Occaaaaasionally (read: often), I stalk my professors online...not so much in a scary way as to see where/what they studied, what they have written, etc. This semester I found some papers by one of my professors via Academia.edu. One of the papers caught my attention as being right up my alley. It was an analysis of a debate between two Arabic intellectuals in the late Ottoman period, concerning whether science or religion was more likely to yield truth.
Note: I did not read the debate myself; I only read my professor's analysis. For the more in-depth and knowledgeable analysis of the debate, read his paper (linked above). Here, I will summarize the debate as he presented it and discuss it in my own way.
The debate took place between Celal Nuri and Sehbenderzade Ahmed Hilmi in 1913. Nuri, a prominent public intellectual, posited (through a whole book!) that nothing metaphysical exists, so any philosophy not founded on scientific revelation is basically nothing more than an abstract logical exercise and ultimately meaningless (though perhaps useful as a social construct). Hilmi responded to Nuri's book and reasoned that since science works with hypotheses and theories, perpetually revising them according to new discoveries, it is in fact false to refer to scientific exploration as truth.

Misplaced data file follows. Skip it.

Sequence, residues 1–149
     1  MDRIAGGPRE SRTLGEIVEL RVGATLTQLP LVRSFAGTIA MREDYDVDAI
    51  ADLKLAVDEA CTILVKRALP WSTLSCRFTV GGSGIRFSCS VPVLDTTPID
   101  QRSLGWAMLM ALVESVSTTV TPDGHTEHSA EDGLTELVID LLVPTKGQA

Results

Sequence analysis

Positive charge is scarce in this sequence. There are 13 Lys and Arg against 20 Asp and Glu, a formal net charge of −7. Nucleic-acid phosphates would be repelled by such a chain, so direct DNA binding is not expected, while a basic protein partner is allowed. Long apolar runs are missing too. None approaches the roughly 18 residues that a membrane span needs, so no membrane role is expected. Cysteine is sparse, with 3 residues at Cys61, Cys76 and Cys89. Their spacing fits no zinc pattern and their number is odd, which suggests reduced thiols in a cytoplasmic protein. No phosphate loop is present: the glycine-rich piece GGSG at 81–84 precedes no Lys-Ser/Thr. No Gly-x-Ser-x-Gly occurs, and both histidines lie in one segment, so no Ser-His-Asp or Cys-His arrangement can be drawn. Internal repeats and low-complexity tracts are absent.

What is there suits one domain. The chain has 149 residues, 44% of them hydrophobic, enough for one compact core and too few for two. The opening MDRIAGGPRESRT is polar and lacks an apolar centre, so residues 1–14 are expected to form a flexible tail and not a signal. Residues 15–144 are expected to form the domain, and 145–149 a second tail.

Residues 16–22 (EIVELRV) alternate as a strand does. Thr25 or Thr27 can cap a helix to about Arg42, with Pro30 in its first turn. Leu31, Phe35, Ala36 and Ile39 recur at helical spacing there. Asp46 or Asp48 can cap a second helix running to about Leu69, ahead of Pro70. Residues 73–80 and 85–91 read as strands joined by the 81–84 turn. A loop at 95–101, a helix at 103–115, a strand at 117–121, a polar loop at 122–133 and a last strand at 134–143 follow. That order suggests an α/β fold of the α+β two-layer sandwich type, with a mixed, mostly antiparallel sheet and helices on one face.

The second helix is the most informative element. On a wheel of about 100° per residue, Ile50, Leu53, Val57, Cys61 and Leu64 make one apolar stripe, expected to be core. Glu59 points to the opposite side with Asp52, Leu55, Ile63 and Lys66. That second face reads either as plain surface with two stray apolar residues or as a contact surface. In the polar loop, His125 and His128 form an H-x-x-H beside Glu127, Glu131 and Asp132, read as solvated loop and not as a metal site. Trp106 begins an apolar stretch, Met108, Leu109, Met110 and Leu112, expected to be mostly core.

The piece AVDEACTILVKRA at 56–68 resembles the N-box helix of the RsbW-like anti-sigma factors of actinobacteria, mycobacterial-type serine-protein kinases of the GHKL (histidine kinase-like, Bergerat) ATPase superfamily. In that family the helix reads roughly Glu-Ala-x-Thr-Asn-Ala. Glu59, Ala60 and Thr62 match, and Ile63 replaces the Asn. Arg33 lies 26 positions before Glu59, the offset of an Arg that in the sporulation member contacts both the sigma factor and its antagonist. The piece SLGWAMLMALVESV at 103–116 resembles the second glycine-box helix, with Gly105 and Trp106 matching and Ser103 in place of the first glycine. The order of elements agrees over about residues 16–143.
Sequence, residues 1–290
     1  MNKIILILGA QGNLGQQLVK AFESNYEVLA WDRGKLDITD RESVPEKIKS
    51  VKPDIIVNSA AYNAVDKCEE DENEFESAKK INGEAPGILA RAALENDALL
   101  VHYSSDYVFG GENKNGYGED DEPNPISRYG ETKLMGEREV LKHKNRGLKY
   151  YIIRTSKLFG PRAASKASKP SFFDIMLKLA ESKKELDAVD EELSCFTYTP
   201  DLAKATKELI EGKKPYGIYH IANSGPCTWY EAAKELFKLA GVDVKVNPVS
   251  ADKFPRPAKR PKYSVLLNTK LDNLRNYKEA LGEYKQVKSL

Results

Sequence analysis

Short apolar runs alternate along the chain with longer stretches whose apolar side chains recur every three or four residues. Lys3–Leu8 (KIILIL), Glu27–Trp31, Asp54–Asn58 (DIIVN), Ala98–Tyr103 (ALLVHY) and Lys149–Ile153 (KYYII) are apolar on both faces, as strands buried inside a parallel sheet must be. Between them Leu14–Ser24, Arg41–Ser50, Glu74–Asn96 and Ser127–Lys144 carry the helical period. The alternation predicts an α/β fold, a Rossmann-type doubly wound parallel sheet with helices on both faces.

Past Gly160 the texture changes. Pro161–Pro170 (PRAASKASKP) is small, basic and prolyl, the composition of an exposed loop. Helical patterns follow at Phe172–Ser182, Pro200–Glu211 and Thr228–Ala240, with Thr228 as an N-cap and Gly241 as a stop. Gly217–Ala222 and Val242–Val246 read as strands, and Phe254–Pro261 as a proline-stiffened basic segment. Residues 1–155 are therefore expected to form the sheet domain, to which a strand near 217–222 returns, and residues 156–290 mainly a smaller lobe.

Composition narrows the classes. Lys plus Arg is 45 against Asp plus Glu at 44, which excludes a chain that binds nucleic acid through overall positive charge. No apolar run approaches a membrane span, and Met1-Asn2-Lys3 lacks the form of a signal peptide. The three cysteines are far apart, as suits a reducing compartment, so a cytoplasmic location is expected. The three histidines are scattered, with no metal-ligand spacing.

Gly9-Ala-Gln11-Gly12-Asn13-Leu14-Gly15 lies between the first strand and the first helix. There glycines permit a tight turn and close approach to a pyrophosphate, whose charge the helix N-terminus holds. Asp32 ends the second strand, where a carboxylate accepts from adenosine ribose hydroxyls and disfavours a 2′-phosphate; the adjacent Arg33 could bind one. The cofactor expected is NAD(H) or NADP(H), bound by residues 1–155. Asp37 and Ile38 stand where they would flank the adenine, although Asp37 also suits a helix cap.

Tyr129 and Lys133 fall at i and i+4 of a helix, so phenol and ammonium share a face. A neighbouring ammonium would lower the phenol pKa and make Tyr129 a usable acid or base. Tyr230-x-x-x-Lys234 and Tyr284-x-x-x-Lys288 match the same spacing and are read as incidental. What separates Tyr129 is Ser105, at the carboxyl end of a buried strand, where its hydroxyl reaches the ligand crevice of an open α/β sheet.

I am using my own words here to summarize what my professor summarized (O.o), but it seemed to Hilmi that science is almost equivocal to religion (in a philosophical way) in that both are avenues along which people walk with an intention to find the truth (and in this way, both deal with metaphysical subjects). Neither is truth itself, but more of a direction or path along which to potentially reach the truth. It seems to me that he also indicated, though, that metaphysical religion and materialistic science can neither one be based upon the other, because they by nature are wholly different.
...I don't think I have a whole lot to add to these ideas at the moment, but I found the debate intriguing and wanted to mention it here. As always, interactions are welcome! :)